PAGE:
I think that might be everything in terms of my own art practice. Things with isthisit? are still moving forwards, contacting more curators among other things. This week was Jake Moore’s curated exhibition called Body Preservation, which I feel is one of the best exhibitions we’ve had on the website. Well done Jake. I’m enjoying how the curatorial notes function for the guests too, like an informal version of a press release. A future guest curator asked me if the notes could be poetic in form, which is obviously a definite yes. It’s all definitely going to influence my own exhibitions on the website, which is really a great thing. Another thing that was mentioned to me is that isthisit? hasn’t hosted any solo shows, which I feel could definitely be explored, very easily too.
The residency has garnered a few submissions, not as many as I would have liked, but enough to sustain itself for a good few months if I don’t get anymore, although I assume I definitely will, especially when potential artists see what the chosen artists undertake with the website. I’m really excited for it to begin, see what work is made and how the whole thing goes. You still have until the 25th to submit if you’re interested in doing so.
I also undertook an interview/conversation with artists Sid and Jim for their podcast ‘Artists and Friends’ about my artwork and my curatorial roles. This was fun, although I didn’t really know it was going to be all about me until the last minute, I had just assumed I would be the guest, talking about current exhibitions, etc. Along for the ride but certainly not the main attraction. I think it went well, although it was slightly intimidating. Towards the end it got better though and I relaxed slightly, I definitely want to do more of this type of thing, as it puts your literal voice out there, rather than something like this, which is fairly carefully considered and checked over at least once.
After this interview I thought more about isthisit? and what else I could do for the platform, and then landed on creating a magazine, another strand of the isthisit? ‘brand’. This will function both online and offline in print form, and I’ve found a website where you can do this for free, so I won’t have to do any actual making of the thing. For the moment the theme for the first issue is very open, with the open call stating that the theme will be refined based on the applications. I’ve also put a £10 fee for submissions, only for ones who are selected. This will account for the time that goes into the magazine and any other things along the way, I also may post one to each of the artists involved, but maybe not, as you’ll be able to see it online for free too. So yeah, that’s another thing to be excited about. The open call ends on the 15th of February, giving various people ample time to submit, with the creation taking however long and then it being published maybe on the 1st of March, but maybe sooner than that. Who can say right now. Here’s the Facebook event and the CuratorSpace submission page: http://www.curatorspace.com/opportunities/detail/isthisit-magazine--open-call/1035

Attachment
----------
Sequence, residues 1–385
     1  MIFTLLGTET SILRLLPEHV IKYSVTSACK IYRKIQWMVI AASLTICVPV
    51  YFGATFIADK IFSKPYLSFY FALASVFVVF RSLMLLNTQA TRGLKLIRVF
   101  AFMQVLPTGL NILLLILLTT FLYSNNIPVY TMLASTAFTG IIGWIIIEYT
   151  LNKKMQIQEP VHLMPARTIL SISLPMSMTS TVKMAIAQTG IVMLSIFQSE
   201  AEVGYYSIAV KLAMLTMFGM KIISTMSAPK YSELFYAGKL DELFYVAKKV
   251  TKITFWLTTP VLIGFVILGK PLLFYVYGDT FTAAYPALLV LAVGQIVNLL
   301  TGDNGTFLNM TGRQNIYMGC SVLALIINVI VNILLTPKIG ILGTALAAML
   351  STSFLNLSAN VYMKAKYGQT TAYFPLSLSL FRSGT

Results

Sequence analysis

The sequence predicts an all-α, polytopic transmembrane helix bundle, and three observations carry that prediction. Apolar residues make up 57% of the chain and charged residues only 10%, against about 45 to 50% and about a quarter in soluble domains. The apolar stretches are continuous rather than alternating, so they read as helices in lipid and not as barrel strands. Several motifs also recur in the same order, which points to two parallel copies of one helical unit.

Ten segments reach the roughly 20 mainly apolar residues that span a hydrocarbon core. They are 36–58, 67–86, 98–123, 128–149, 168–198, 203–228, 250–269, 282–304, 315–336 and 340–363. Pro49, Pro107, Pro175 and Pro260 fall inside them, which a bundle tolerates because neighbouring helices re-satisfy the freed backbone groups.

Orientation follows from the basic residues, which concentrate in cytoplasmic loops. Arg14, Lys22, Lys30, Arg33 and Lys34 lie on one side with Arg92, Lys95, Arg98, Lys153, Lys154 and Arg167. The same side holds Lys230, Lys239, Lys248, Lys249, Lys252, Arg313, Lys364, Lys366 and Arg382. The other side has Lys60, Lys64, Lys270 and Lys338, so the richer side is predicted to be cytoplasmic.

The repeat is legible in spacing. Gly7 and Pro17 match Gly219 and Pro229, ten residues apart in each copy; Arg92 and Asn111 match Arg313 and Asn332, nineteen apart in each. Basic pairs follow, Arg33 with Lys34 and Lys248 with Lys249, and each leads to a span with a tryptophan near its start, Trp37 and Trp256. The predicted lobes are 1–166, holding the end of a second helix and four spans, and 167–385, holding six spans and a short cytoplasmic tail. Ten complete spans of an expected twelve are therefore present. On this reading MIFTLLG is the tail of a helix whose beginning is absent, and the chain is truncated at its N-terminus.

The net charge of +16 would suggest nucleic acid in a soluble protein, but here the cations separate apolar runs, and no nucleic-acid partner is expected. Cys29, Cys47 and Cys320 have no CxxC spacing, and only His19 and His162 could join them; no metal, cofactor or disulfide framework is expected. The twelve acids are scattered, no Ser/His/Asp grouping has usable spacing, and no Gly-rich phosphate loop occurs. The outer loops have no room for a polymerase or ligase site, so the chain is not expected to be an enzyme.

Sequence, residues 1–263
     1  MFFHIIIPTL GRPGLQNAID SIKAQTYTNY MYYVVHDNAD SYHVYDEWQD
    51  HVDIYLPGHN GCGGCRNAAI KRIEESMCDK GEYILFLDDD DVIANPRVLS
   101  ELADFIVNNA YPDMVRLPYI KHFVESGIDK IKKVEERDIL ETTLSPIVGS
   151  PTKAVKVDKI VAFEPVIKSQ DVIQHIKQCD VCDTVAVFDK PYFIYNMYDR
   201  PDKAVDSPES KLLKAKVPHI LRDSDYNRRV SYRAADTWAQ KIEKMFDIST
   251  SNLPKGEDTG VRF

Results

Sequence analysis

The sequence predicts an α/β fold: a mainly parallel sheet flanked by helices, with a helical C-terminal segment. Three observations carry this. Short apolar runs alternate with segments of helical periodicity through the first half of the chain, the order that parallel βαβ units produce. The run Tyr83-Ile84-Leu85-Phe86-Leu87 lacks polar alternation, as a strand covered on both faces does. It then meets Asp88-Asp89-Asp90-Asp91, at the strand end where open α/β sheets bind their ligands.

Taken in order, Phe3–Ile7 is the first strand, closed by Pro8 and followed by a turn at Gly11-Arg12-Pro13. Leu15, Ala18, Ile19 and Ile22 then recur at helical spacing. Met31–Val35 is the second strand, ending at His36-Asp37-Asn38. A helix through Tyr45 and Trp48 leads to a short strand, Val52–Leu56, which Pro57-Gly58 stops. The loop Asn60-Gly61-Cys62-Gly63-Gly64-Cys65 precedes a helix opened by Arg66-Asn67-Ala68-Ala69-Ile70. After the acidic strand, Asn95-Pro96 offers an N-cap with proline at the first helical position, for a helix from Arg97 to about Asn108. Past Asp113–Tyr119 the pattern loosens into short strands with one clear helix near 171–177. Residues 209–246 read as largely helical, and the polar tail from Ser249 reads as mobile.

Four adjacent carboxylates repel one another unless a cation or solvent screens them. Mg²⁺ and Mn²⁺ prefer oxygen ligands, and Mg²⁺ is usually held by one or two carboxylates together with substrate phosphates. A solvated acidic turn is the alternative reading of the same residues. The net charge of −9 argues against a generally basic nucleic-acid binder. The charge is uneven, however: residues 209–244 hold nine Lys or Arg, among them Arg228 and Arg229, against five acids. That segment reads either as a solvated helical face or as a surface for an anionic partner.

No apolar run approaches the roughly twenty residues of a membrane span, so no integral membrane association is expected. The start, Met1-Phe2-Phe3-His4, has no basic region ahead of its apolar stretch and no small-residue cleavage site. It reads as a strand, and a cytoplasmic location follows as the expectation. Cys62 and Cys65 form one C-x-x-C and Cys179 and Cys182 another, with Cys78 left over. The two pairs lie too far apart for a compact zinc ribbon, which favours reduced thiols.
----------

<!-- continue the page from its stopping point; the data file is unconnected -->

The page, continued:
What else? I picked up my work from The Sacred Screen show, which obviously didn’t sell. After exhibiting there though, I was contacted by a guy called Jonny Tanner, an artist/curator with some really great links. We’ve been talking for a little while now about putting on an exhibition together, which is going to happen in early February, fitting in with the massive Condo event happening in London right now, joining up a bunch of galleries with different international galleries too. We’ve been talking to the founder of The Square Gallery, where the sacred show was held, and we’re planning on putting on the show there, creating a mashup of the sacred show and the show that Jonny previously put together at the Muse gallery called Hotel 419. Some really amazing artists are going to be involved, like Ed Fornieles and David Blandy, which is actually really exciting. My work will also be in the show, so I’ll now be able to say I was in an exhibition with Ed Fornieles, which is really fucking cool. Like, really cool. I’m really excited for this to happen and Jonny is going to be curating this week’s exhibition on isthisit? too. We’ve also been talking about doing some other projects together too in the future, so that’s also really exciting.
I think that’s everything maybe? If it is, then it’s time to delve into galleries. I went to the Zabludowicz Collection for the opening of One and Other, a frankly terribly curated exhibition by a bunch of MA students studying curation at Chelsea and Sir John Cass College of Art. It’s a real shame, as all the work there was obviously really great, as it’s all chosen from their collection, it just didn’t feel right. An example of this is having a bunch of Jon Rafman’s post-human busts on mirror plinths on the stairs upstairs. This would have been fine, but alongside the sculptural works, there was a large scale print of one of the busts randomly inserted into the array of sculptures. It was just really weird, and kind of illustrated the importance of good curation. Although the alcohol was free, which is a surprise as I’ve never been there when it’s actually been free, you weren’t allowed to actually go into the exhibition with your drink. That’s the whole point of a private view! Having a beer and enjoying great art is what makes a PV.